Disney’s sits at the top of the food chain in the world of media geared towards children. Disney is famous for its magical movies that are meant to warm the heart. Its success is described as “ images of innocence, magic, and fun. Its animated films in particular are praised as wholesome family entertainment endorsed by teachers and parents, immensely popular with kids.” (Mickey Mouse Monopoly). Although Disney is looked at by so many as a family network that instills great morals to kids, are they really as innocent as they seem? Does this media powerhouse (among the top 6 or 7 media conglomerates after buying ABC, according the documentary) do its best to make sure it teaches kids the right morals and values, or does is subconsciously teach kids to view the world in a skewed way?
In the aspect of cultural studies perspective, it seems like Disney is attempting to create stereotypes in children’s heads at a young age. Take for instance the Tarzan example and its relation to white supremacy. Tarzan is set in Africa yet the movie depicts no African Americans, only white males. Doctor Alvin Pouissant does not think that this is a coincidence; in fact he theorizes that it is purposeful. The goal of having only white characters in a movie based in Africa is to promote white supremacy. The only depiction of African Americans in Tarzan is the gorillas (because the gorillas are the only other beings in Africa in the movie from Africa), which is extremely racist, Doctor Pouissant believes that if African American children were to watch Tarzan they would feel degraded and less than the white man.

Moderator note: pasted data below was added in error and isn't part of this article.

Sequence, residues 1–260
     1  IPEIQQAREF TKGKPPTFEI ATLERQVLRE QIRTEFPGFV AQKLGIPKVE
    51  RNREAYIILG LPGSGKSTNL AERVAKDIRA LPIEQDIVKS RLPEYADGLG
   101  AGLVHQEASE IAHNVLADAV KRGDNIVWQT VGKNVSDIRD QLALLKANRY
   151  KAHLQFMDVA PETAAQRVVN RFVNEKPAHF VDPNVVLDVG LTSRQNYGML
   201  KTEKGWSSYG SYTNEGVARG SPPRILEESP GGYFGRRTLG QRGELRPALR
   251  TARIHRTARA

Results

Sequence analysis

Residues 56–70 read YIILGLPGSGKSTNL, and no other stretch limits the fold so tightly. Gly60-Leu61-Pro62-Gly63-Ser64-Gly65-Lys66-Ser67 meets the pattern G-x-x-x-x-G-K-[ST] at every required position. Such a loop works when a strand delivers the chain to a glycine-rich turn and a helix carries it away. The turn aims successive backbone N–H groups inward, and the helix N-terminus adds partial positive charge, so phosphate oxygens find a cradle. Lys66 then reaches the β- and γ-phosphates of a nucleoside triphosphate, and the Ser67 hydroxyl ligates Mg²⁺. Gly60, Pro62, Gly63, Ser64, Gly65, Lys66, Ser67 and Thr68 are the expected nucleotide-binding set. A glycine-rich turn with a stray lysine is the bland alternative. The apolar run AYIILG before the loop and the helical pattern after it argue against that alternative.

Yet this is not the only time Disney has done this. Take into consideration the hyenas from The Lion King. The hyenas in The Lion King talk and act like inner-city minorities, that strongly reflect African-Americans. The hyenas are also portrayed in the movie as the enemy. With those two connections, there are bound to be racial stereotypes drawn up in children’s heads, and sure enough it happened. Jacqueline Maloney claims that a friend’s son compared a group of African American kids playing to hyenas. The boy made this comparison because of how the way the children talked and played. The child also associated these African American kids as bad because in his head the hyenas were the bad guys in The Lion King.
These instances of subliminal racism by Disney can be related to the article we read Racial Stereotypes in Children’s Television Commercials but they relate even more with the magic bullet theory. Children are highly vulnerable to being affected by the magic bullet, because they are so easily influenced, thus the media they watch can have an immediate impact on them. Children are to young to know to question what they are seeing on TV, is right or wrong, leaving them so susceptible to subconsciously take in the stereotypes their entertainment is feeding them.